My son's day care was closed on Veteran's Day, so he and I had the day off together. It was the kind of brilliant Fall day, with richly colored leaves and crisp air and sharpedged sunshine, that reminds me why I live in this great, big, beautiful city. We went to Central Park, where the light really was knifelike, cutting at an Emily Dickinson slant through the trees. He ate a midmorning hot dog in front of the Met, and was a good sport for me when I wanted to go inside.
I wanted to make sure I saw the Morandi exhibition before it closes, and I figured that if at all possible, a weekday morning would be best for avoiding the crowds. Having a four year-old with you is not optimal for looking at Morandi's slow and exacting work, but it's better than missing the show entirely.
Like I said a couple months ago, I do wish they had hung the show in more spacious, better lit galleries. I remember the lower level of the Lehman Wing was one of the toughest places to stay awake when I was working as a guard there, although it's different now, trafficwise, because of the new public cafeteria down there as well.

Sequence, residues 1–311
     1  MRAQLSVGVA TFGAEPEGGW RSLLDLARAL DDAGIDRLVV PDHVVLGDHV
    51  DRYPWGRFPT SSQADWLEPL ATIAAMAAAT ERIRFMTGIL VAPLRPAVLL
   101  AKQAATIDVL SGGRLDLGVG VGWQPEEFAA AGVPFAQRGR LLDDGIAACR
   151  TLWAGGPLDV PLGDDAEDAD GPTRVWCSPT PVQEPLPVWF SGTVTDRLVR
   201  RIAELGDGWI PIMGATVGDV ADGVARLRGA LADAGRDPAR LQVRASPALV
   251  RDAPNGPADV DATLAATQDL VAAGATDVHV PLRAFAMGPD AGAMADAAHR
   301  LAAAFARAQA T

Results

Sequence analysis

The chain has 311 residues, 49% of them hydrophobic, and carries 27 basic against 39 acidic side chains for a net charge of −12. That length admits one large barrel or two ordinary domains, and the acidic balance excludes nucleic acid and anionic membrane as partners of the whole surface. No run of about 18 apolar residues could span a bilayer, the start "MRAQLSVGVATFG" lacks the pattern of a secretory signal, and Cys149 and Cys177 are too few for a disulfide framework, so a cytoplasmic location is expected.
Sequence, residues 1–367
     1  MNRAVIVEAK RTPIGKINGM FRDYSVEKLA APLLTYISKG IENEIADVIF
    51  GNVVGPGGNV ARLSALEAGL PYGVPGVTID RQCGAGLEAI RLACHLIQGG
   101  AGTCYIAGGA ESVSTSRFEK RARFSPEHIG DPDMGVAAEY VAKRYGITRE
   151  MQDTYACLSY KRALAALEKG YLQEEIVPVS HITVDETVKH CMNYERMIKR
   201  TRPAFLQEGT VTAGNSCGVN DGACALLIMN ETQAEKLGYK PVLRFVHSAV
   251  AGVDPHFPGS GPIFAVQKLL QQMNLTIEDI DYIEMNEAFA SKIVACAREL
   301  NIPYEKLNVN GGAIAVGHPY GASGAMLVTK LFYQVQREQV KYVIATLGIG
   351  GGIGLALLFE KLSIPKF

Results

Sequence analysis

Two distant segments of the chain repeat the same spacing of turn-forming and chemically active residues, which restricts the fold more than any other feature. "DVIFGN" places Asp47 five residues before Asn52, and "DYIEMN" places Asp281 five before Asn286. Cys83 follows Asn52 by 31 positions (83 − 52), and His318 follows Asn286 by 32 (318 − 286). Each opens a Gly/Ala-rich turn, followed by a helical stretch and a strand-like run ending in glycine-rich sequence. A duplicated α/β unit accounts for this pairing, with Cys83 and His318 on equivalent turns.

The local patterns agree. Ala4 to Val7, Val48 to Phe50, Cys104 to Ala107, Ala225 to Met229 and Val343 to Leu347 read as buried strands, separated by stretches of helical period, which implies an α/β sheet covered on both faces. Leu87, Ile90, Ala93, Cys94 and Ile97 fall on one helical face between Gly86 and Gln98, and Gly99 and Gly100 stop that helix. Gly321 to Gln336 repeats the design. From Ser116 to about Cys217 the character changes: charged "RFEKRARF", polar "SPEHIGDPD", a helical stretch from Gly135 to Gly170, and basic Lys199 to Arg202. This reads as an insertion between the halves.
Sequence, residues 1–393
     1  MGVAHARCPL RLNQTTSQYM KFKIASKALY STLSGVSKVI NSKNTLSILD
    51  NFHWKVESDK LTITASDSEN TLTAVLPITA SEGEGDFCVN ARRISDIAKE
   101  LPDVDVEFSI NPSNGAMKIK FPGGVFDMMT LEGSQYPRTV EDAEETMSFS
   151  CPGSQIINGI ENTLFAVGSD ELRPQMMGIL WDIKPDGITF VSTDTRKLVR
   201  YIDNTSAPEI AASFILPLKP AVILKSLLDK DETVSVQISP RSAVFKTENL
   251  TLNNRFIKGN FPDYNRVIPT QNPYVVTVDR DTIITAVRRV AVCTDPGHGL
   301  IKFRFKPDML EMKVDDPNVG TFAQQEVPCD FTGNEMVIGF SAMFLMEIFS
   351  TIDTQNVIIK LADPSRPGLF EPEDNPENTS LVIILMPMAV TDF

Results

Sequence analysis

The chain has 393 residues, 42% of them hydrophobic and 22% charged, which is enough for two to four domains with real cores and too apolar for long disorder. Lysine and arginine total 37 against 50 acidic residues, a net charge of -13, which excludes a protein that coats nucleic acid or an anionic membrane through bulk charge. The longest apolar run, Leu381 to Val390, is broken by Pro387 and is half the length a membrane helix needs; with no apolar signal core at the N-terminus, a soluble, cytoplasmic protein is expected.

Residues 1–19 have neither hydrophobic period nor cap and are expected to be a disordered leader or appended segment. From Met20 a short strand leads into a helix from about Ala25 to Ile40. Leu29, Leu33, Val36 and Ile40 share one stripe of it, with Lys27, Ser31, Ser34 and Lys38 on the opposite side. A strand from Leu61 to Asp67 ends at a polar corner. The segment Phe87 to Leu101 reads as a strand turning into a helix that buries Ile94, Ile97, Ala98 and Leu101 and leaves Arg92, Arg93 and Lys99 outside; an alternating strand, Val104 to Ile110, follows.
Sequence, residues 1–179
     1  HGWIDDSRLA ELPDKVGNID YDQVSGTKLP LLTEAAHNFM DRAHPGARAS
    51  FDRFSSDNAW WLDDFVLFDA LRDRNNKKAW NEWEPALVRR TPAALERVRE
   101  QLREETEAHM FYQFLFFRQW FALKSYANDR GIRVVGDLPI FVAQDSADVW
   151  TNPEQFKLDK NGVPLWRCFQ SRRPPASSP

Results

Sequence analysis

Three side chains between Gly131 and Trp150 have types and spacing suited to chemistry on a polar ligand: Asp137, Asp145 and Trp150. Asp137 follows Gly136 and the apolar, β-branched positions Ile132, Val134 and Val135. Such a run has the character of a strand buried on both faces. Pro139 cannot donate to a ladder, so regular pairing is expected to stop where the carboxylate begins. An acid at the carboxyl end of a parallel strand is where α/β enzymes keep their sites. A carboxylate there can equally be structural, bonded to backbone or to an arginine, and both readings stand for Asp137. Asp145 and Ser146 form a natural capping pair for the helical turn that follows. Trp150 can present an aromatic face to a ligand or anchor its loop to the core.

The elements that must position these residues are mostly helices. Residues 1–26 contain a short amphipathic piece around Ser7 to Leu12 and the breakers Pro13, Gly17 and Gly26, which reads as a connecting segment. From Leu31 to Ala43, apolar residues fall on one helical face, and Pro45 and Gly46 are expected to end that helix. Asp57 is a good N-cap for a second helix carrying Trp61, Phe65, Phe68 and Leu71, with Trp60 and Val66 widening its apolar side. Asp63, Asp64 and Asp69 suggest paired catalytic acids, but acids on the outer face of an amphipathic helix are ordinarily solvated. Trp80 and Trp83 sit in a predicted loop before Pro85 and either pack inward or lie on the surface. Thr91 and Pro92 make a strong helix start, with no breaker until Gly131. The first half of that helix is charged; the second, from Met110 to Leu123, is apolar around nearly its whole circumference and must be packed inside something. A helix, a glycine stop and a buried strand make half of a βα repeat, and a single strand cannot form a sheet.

I'd still like to go back alone and take more time with the show. It was my first time seeing the landscapes, which are dishraggy in color and tone, and not in a good way. So they were disappointing to me. (Although the landscape etchings are very fine.) But the still lifes, of which I've seen only a handful in person before, as there are not many Morandis on this side of the Atlantic, are great. The delicately muddy palette works on the intimate scale of still life, but it is only weak and dull in a landscape, where you expect the light to, well, do something. And every once in a while, there's a tone or color in a still life that rings like a bell, whether the brushwork is shaky and shimmery or tight and focussed.
Compositionally, I had never seen, even in reproduction, the odd still lifes that sit on one half of the canvas and run off the side. The more tightly composed pictures, with objects centered like family portraits in early photography, are more stately, the bottles and vessels and boxes gathered and crowded into even more intimate groups, as if you were looking into a full elevator with glass walls. It makes me think of de Kooning's quotation about all the space a painter needs, which goes something like, if you stretch your arms down along your sides, and wonder where your fingers are. Yes, I'm not sure how much sense it makes, but I will say that some days it makes more sense than others.
And the watercolors are strange and gorgeous, like shadow plays.